Re: Points HEI....10ga. wire and My 81 yr. Uncle?
WHO, ME ? #408929 Fri May 02 2008 03:14 AM
Joined: Dec 2006
Posts: 1,154
W
Shop Shark
HI.....Mr. Langdon responded to us by email is, "Steve no fuse is required, Tom." ......Well I guess the master has spoken. I hope this info. will help other people with the same questions as we had. Thanks to you all! Steve and Unc

Re: Points HEI....10ga. wire and My 81 yr. Uncle?
WHO, ME ? #409031 Fri May 02 2008 01:19 PM
Joined: Jan 2000
Posts: 1,609
T
Extreme Gabster
I don't come by here much anymore but I saw this post and can throw in my two cents based on theory and my real life experience of adapting GM HEI's to at least 5 Chevy and GMC 6's
Being an electrican I can understand all this stuff at least in theory.An HEI coil is usually around .5 Ohms at the vehicle running voltage of a nominal 14 volts.Ohm's law says amps is volts divided by resistence,.5 Ohms in this case.So there's a potential in theory for the HEI coil to draw 28 amps.In reality it's less than 28 amps due to short time period the coil is allowed to "fill" with current between sparks.And I do believe the HEI module limts the current to the coil to prevent overloading.
A short run of #14 wire can conduct a steady flow of 20 amps with acceptable voltage loss,The National Electrical Code amperage flow for wire sizes doesn't apply to automotive use.
But the HEI current flow isn't steady,there's an inrush of current 100's of times a second depending on engine RPM's.Beside the current inrush,electrical flow isn't instantanous,there's a slight lag when more current is called for.A larger wire will help to overcome this.Kinda like a drag car taking off,it takes a brief second for all the forces to react.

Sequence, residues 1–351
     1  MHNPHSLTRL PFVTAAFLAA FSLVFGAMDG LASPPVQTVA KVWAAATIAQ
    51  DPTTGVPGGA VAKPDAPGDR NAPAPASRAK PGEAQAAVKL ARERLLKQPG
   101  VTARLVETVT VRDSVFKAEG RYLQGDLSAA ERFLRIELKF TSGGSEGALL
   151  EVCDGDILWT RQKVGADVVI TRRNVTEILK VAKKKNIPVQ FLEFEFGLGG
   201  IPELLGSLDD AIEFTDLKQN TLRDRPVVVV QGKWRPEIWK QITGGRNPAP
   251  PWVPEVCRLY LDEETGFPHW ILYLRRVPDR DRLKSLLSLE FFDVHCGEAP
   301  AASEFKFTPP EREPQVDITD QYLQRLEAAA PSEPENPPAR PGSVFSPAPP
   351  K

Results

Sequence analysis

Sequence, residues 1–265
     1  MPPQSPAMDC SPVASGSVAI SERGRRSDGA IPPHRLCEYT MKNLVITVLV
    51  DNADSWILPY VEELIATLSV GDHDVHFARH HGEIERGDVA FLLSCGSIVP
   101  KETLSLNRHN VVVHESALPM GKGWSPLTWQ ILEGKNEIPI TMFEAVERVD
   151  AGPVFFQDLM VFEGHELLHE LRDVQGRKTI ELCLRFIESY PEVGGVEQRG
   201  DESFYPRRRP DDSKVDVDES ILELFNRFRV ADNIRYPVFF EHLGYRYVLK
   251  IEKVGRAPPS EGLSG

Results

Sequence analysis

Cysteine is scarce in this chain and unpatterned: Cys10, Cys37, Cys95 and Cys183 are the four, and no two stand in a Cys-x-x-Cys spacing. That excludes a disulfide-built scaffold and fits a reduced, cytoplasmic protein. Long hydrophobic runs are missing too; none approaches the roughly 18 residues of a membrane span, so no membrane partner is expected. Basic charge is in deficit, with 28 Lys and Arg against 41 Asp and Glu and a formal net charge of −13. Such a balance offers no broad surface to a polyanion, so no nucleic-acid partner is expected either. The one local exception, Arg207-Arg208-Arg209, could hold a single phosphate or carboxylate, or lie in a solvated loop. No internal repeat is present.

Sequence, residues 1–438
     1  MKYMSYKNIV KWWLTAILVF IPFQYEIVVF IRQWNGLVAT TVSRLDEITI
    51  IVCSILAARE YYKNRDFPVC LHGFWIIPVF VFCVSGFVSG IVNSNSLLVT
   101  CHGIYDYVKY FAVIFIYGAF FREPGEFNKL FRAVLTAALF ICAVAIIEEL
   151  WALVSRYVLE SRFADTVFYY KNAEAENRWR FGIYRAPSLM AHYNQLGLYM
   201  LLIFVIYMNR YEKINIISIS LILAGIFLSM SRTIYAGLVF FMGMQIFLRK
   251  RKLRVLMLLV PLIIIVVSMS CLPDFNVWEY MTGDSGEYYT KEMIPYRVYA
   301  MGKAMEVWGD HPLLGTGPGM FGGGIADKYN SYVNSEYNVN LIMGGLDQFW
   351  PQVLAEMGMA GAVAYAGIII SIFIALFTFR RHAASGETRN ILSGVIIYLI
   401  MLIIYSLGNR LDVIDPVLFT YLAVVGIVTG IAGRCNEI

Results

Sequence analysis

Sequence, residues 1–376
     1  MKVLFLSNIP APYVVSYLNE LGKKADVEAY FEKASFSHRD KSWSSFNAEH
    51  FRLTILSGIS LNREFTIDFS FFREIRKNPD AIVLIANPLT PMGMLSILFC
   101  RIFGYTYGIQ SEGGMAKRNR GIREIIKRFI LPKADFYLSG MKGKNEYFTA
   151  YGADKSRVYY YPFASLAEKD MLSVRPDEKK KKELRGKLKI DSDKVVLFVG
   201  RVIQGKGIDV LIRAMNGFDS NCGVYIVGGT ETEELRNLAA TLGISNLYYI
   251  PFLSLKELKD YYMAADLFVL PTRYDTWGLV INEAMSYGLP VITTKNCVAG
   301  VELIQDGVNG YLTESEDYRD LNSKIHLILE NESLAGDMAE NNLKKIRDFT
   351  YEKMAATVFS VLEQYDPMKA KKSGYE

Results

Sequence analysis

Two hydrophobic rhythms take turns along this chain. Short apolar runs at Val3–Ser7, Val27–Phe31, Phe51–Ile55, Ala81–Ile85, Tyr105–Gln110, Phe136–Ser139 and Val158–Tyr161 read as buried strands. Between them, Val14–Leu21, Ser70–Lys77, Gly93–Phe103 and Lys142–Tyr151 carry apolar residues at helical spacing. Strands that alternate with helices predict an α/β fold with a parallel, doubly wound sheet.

So the 10 gauge wire is a safety factor so to speak,covers all bases.The large wire keeps voltage losses acceptable in a worst case senario.
In normal situations,like my low rpm truck engines not needing all there is to fire the plugs,a #14 or 12 wire is adequate from my personal experience .

Re: Points HEI....10ga. wire and My 81 yr. Uncle?
Tony #409101 Fri May 02 2008 04:42 PM
Joined: Dec 2006
Posts: 1,154
W
Shop Shark
Thanks for the help you made the information much more user friendly! T/C Steve

Re: Points HEI....10ga. wire and My 81 yr. Uncle?
WHO, ME ? #409110 Fri May 02 2008 05:24 PM
Joined: Jan 2000
Posts: 1,609
T
Extreme Gabster
One more thing,personally I think it's bad practice not to fuse the feed from the ignition switch to the HEI on an old vehicle you have invested time and money into.In case the wire gets shorted somehow,it'll save your wiring harness.My truck has a 20 amp circuit breaker feeding the ignition switch protecting the whole switch from shorts or overcurrent.I have no ignition switched items other than the HEI and a single small electric wiper motor.And in 10 years the circuit breaker has never tripped from the HEI load and or occasional wiper use.
Use a circuit breaker,the ones that plug into a fuse holder are only a few bucks.A 30 amp one will at least not nuisance trip and will trip from a dead short.
Here's some info off the internet,you be the judge if it's totally accurate,shows amp draw etc.
HEI current draw and rpm

Re: Points HEI....10ga. wire and My 81 yr. Uncle?
WHO, ME ? #465046 Sun Oct 26 2008 03:47 PM
Joined: Aug 2006
Posts: 113
F
Wrench Fetcher
Got the 30 amp info off a website, ANY voltage drop would be bad for a hot spark, so 10ga isp p robablyp advisable, Why do they use 12ga on the stock gm harnesses? Someone with a new aftermarket harness look at theirs so the sharpshooters can be SURE that no one "overwires" anything.


64 & 66 GMC long fleetside 4x4
Cartwright, OK